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City wraps consults on pot store sites

Convenience and safety for vulnerable populations stand out as key topics during discussion

By Joel Wittnebel/The Oshawa Express

The City of Oshawa has concluded its public consultation efforts to gain further insight from Oshawa citizens on just where they think the best locations should be for the incoming Ontario Cannabis Stores.

The process included an online survey as well as a public meeting where several members of the community and marijuana advocates appeared to share their thoughts.

For the most part, members in attendance agreed that the province should be sticking to municipal zoning regulations when it comes to locating its future cannabis stores.

In early 2017, the province had released the names of a number of municipalities that would be the homes for future cannabis stores. However, it wasn’t until December that they released the full list of 29 cities that would be the homes of 40 Ontario Cannabis Store locations, including locations in Oshawa, Ajax and Whitby.

As it stands now, under Oshawa’s zoning, a cannabis store would fall into the broad category of a retail store, permitting various location options for a future shop. However, where the city can run into problems is when such locations are near schools or other potentially vulnerable populations or organizations.

With that said, the province has released a set of draft guidelines for the site selection process of the cannabis stores, which note that along with adhering to municipal bylaws, it will take into consideration proximity to schools, equitable access for customers, illegal storefront activity, and other relevant information provided by municipalities.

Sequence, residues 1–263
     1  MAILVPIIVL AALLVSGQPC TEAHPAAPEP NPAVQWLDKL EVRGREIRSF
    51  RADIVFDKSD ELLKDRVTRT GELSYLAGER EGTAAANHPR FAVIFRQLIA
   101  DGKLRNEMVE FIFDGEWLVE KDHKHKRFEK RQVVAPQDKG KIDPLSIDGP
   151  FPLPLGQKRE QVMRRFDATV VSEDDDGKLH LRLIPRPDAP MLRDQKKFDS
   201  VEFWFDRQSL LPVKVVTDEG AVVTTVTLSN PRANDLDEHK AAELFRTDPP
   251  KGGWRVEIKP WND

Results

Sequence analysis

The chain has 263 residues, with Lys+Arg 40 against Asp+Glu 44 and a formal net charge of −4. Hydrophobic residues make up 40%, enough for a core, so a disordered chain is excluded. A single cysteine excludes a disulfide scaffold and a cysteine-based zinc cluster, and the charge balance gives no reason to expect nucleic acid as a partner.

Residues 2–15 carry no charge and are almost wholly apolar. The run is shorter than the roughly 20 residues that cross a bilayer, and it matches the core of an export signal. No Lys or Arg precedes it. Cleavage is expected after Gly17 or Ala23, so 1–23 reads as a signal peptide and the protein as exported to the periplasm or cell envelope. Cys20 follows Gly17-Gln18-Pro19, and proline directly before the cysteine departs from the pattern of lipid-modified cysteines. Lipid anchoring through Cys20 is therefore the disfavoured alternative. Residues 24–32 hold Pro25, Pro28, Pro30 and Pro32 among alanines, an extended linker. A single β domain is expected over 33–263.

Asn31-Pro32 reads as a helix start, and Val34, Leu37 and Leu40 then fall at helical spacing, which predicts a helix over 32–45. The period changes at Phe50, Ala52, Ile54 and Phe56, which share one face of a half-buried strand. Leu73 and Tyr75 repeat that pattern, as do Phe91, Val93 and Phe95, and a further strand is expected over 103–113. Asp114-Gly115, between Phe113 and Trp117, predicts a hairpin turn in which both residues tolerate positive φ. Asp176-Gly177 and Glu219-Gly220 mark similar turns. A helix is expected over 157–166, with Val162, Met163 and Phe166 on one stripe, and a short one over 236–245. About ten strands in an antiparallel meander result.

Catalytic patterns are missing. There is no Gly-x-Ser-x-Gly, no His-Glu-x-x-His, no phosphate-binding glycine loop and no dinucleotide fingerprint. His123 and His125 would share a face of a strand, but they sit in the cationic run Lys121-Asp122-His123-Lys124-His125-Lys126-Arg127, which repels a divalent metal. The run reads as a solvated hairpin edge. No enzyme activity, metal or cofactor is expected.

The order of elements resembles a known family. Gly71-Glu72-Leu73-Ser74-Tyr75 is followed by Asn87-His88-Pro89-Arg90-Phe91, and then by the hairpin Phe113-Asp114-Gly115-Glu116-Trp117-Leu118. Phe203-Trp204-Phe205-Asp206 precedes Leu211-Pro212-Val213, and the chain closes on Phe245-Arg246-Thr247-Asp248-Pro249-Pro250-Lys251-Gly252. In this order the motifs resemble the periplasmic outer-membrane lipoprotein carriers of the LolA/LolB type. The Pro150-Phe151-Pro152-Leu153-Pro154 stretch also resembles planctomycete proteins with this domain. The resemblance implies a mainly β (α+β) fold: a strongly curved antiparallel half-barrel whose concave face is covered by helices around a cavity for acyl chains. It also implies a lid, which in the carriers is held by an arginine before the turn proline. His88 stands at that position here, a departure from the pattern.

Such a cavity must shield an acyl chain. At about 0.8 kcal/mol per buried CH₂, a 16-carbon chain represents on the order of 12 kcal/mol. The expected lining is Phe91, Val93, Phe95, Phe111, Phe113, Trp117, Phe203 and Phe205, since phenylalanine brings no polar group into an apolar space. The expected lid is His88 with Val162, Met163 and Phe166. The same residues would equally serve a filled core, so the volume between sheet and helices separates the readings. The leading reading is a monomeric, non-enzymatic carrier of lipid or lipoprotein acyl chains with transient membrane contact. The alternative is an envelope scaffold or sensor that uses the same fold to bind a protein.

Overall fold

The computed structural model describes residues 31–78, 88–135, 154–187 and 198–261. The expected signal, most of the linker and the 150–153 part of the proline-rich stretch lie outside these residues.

These guidelines did not receive strong praise from Mayor John Henry.

“When you read the entire report it is so vague that I’m not sure how our bylaw staff would be able to enforce any of this,” he says. “We’re stuck enforcing rules that haven’t even been written yet.”

The issue was among many the mayor addressed during the public meeting at the end of June, adding that the province has left the municipalities pretty much on their own.

“The government has been so set on bringing this forward the way they have that they haven’t given municipalities options or tools to deal with this,” he says.

However, with the number of criteria for locating these stores, Marko Ivancicivec, the owner of Green Valley Wellness in Whitby, which provides consulting on all things cannabis, says that it’s going to be hard to please everyone.

“I think we all understand the dynamic of Oshawa and how location is a very difficult thing to work with,” he says.

So far, the city has shown little in the way of preference for where they would like these stores to go after legalization in October.

As it stands, a previous city report recommended that these stores should be located within large shopping centres where adequate parking is provided, and should be located on arterial roads with good access to public transit

The Region’s health department has also stepped forward and has recommended a few additional items for the province to consider when thinking about locating their legal weed shops, in particular, considering their proximity to such things like child care centres, post-secondary schools, LCBO stores, casinos, healthcare facilities, long-term care homes, recreation centres, and “high priority neighbourhoods where there is a higher degree of crime or higher socioeconomic disparity.”

As it stands, the province has released the locations for the first four Ontario Cannabis Stores, with addresses in Guelph, Kingston, Toronto and Thunder Bay. More locations are to be announced in the coming months.